But Our Chance to Preempt Voter Suppression Could Expire at Any Moment
March 17, 2021
When the U.S. House of Representatives passed the For the People Act (H.R. 1 in the House, S. 1 in the Senate) on March 3, all but one Democrat voted in favor. Every Republican vote opposed it.
Passing the voter protections of the For the People Act is the only path for democracy advocates to halt many of the 250-plus voter suppression bills stacked up in state capitols around the country. Republican vote suppressors have an easier task: they need only delay passage of S. 1 while more of those state bills become law — putting the onus on voting rights defenders to overturn laws in court, even if S. 1 passes.
Each passing day also brings another chance for Senate control to flip back to Republicans. Many Democratic elders hail from states where, in the event of their death, a Republican governor would select their replacement or the seat would remain vacant until a special election is held. Such an event would almost certainly flip Senate control to Republicans by at least a 50-49 margin and doom strong voter protection. Democrats don’t have the luxury of moving methodically.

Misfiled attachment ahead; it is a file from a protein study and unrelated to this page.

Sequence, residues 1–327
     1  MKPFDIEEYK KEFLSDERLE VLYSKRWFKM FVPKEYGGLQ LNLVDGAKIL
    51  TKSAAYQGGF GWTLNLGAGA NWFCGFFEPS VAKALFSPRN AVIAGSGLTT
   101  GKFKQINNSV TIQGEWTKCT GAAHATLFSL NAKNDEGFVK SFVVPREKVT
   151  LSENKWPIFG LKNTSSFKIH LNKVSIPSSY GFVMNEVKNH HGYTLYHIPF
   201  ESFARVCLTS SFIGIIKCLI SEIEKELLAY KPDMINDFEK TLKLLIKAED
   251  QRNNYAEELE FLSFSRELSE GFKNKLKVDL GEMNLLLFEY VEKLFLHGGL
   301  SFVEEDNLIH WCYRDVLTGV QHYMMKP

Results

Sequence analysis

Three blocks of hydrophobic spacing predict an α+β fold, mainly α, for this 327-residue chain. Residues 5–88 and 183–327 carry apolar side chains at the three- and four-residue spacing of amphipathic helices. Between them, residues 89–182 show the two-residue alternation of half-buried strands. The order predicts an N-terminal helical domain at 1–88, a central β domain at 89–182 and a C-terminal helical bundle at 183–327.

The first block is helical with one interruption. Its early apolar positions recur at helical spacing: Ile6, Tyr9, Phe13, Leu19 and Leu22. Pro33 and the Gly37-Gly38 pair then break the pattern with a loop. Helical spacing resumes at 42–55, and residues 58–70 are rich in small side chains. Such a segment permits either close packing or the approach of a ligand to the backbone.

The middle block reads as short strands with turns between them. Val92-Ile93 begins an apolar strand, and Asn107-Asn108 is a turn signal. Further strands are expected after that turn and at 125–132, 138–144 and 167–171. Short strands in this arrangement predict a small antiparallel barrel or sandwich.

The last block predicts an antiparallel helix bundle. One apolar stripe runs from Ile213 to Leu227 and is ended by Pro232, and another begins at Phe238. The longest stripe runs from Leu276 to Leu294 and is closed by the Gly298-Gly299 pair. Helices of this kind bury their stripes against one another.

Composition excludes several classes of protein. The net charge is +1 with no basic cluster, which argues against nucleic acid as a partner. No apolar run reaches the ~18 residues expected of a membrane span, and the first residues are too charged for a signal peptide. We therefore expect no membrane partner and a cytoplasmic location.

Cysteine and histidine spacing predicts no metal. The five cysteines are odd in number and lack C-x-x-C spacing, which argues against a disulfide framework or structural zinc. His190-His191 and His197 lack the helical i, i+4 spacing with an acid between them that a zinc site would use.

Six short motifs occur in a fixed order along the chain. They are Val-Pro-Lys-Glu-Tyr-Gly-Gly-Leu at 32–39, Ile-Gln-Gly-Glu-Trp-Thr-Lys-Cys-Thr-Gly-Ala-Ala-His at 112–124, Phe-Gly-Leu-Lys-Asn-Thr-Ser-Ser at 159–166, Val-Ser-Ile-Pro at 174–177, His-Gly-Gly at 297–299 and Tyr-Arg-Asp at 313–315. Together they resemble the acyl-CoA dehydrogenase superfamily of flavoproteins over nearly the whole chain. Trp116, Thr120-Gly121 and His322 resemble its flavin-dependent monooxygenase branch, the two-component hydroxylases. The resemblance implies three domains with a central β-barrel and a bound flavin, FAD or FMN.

The urgency also comes from the potency of the For the People Act. If passed, S. 1 would be the greatest forward leap for democracy in generations. While voting rights are central to the bill, it also would secure election processes and take vital steps to neutralize the power of big money to determine our choices and control politicians. This includes a 6 to 1 match for small donor candidate contributions, giving candidates a huge incentive to increase time spent engaging normal people, rather than courting megadonors.